The Spirit of Devel­op­ment: San­tería and Social Wel­fare in Havana

May 13, 2003 - 5:00 PM

Adrian Hearn

La Trobe University

Todd Ramon Ochoa
Colum­bia University

This talk exam­ines the tra­jec­tory of three recently estab­lished com­mu­nity devel­op­ment projects in Havana. The projects were founded as col­lab­o­ra­tions between local state author­i­ties and com­mu­nity groups rooted in Afro-Cuban reli­gions, and each has attempted to address emerg­ing social prob­lems such as drug use, pros­ti­tu­tion, and the phys­i­cal dete­ri­o­ra­tion of local schools and clin­ics. The orig­i­nal goal of each project was to facil­i­tate these social objec­tives by work­ing through infor­mal net­works of com­mu­nity sup­port and reli­gious alle­giance, but with time the projects became increas­ingly influ­enced by the expan­sion of tourism. Folk­loric per­for­mances of San­tería music and dance soon came to occupy a promi­nent place in project activ­i­ties, leav­ing the social objec­tives of each neglected. Nev­er­the­less, action taken by the State in one case, and by a local par­tic­i­pant in another, even­tu­ally refo­cused two of the three projects on their orig­i­nal goals.

The talk frames these events in a cri­tique of the devel­op­ment tac­tics of Cuban and for­eign agen­cies oper­at­ing in Havana and San­ti­ago de Cuba. Strate­gies such as “pop­u­lar par­tic­i­pa­tion” and “capac­ity build­ing” con­vey the notion of locally directed, cul­tur­ally sen­si­tive projects, yet in prac­tice these approaches often fall short of empow­er­ing tar­get com­mu­ni­ties. Adrian Hearn sug­gests that one impor­tant rea­son for this is a lack of reflex­iv­ity on the part of many devel­op­ment agen­cies: while they are pay­ing closer atten­tion than ever before to the cul­tural val­ues and pri­or­i­ties of local com­mu­ni­ties, they often over­look their own. As a result, mod­els of devel­op­ment still tend fol­low util­i­tar­ian scripts, focus­ing on com­mer­cial growth at the expense of social rela­tion­ships, which (as the case stud­ies show) can recre­ate rather than resolve orig­i­nal problems.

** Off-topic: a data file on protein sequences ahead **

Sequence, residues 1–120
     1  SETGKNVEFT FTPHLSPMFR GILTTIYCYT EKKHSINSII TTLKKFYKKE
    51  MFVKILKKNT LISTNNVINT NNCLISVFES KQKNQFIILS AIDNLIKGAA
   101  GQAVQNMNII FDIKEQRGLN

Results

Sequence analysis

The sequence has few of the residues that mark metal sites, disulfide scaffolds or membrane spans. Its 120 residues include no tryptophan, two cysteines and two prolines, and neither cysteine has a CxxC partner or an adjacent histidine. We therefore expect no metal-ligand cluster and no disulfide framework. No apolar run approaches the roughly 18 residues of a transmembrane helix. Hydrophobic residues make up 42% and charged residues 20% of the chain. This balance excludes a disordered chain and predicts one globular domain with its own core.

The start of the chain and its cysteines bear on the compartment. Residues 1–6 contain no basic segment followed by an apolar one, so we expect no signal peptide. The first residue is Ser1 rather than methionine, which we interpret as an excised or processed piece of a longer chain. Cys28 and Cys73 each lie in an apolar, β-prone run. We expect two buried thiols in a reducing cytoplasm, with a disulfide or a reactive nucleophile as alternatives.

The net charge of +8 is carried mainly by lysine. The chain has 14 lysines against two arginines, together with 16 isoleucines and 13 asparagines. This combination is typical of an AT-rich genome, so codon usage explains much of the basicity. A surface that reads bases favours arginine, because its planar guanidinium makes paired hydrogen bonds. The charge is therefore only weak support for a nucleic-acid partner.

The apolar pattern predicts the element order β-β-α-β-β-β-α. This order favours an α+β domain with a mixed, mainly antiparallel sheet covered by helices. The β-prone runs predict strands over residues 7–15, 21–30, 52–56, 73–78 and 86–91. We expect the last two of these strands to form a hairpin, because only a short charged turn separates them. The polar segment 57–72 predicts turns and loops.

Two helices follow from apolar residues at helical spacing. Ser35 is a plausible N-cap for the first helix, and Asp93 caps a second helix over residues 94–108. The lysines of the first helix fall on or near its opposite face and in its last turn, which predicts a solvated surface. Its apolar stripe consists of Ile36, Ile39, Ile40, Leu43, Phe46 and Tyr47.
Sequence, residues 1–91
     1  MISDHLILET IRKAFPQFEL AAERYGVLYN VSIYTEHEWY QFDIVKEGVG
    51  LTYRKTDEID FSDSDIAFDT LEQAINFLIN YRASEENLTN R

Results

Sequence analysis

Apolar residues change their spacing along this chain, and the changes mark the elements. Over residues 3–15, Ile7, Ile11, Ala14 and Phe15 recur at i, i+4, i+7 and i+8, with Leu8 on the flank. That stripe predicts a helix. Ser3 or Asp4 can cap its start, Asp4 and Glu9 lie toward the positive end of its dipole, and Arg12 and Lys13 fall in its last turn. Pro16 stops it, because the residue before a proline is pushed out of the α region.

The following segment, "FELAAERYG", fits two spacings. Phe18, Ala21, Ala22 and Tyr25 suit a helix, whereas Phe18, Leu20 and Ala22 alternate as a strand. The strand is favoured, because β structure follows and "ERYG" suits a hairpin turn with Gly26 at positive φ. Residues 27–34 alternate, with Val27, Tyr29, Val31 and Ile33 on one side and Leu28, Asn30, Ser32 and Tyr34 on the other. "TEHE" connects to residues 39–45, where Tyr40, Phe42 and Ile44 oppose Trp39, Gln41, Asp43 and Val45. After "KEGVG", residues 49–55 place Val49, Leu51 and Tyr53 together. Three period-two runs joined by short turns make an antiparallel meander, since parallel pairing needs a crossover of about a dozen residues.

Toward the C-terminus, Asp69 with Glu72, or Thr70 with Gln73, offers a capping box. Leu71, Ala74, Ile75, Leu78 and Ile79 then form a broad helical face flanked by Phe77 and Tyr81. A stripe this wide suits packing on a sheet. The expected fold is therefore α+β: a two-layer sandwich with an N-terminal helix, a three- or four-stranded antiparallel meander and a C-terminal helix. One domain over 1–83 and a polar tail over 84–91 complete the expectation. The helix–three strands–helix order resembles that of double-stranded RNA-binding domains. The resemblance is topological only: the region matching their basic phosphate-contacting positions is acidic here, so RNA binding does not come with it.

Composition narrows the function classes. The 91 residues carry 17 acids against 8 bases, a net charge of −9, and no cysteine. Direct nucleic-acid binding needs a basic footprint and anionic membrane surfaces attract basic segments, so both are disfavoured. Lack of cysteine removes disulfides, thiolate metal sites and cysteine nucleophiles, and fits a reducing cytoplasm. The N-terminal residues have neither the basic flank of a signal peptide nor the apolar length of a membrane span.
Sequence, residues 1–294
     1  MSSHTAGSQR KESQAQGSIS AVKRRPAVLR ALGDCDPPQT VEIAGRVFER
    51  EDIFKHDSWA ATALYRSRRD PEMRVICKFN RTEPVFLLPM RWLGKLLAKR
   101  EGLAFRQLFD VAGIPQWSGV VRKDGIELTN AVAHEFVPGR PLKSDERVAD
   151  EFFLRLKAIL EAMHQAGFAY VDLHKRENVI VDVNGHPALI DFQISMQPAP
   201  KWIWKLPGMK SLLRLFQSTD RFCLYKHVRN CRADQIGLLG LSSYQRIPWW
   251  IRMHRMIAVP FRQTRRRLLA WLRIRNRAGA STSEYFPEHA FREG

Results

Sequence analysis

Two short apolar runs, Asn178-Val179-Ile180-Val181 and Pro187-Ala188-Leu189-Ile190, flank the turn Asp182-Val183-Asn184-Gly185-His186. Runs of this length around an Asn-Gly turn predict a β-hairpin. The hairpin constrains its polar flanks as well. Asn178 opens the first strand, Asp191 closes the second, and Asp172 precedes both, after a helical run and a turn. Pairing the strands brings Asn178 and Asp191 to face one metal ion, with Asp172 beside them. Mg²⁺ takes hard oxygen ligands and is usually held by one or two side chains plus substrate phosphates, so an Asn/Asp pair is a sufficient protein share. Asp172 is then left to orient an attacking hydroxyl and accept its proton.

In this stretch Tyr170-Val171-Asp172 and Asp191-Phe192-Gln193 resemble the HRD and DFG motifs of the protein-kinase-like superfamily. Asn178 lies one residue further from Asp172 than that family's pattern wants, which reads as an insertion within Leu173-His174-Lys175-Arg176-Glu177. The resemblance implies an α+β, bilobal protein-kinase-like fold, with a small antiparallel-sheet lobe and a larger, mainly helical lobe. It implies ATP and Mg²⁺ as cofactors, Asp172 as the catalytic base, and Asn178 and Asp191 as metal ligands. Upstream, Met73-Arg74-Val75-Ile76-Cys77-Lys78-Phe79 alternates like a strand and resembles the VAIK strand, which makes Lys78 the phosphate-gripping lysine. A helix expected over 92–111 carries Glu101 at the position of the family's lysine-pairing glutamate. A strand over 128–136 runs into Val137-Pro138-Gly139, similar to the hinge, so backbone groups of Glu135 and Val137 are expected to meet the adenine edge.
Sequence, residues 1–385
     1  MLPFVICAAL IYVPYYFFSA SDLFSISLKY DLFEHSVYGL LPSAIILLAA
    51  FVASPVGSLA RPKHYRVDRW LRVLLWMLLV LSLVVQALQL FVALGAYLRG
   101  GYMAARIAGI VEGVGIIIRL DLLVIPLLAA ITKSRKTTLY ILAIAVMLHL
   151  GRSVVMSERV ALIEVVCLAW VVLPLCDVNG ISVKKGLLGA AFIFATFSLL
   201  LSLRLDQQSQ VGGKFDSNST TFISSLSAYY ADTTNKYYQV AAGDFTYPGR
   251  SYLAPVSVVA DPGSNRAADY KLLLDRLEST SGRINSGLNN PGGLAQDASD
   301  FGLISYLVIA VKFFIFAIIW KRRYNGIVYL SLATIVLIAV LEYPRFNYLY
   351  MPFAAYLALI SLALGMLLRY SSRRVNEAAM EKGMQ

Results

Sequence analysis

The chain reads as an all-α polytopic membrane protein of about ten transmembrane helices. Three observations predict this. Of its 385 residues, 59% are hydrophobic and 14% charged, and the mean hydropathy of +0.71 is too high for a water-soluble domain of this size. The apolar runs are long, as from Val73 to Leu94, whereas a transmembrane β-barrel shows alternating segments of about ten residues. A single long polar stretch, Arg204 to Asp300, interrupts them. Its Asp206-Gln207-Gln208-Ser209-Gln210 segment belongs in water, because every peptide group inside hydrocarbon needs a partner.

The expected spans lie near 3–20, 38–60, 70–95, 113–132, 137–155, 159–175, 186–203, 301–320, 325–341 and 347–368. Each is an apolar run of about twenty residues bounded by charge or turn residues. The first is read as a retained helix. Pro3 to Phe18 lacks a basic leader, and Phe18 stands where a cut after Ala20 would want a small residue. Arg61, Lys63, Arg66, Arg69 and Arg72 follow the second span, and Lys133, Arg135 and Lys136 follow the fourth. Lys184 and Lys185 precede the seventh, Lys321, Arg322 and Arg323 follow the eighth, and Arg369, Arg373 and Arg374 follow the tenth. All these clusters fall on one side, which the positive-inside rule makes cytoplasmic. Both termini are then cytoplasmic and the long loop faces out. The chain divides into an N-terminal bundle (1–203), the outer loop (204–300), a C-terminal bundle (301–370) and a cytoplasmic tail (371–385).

Adrian Hearn is a doc­toral can­di­date at La Trobe Uni­ver­sity, Mel­bourne, and a pro­fes­sional per­cus­sion­ist. His research in Sene­gal and Cuba has exam­ined the capac­ity of com­mu­nity orga­ni­za­tions to demo­c­ra­t­i­cally deliver health and edu­ca­tion ser­vices where offi­cial mech­a­nisms are over­wrought with demand. His Ph.D. the­sis focuses on the inter­ac­tions of Afro-Cuban reli­gious groups with domes­tic and for­eign devel­op­ment agen­cies in Havana and San­ti­ago de Cuba. His forth­com­ing arti­cle, Afro-Cuban Reli­gions and Social Wel­fare: Con­se­quences of Com­mer­cial Devel­op­ment in Havana (in Human Orga­ni­za­tion) details this research.

Todd Ramon Ochoa is a doc­toral can­di­date in the Depart­ment of Anthro­pol­ogy at Colum­bia Uni­ver­sity. He con­ducted field­work on under­ground mar­kets in Havana through­out the 1990s and his doc­toral dis­ser­ta­tion is a treat­ment of Cuban Kongo reli­gion in Havana and the Cen­tral Cuban coun­try­side. His the­sis is titled The Liv­ing and the Dead in a Cuban Kongo Sacred Soci­ety.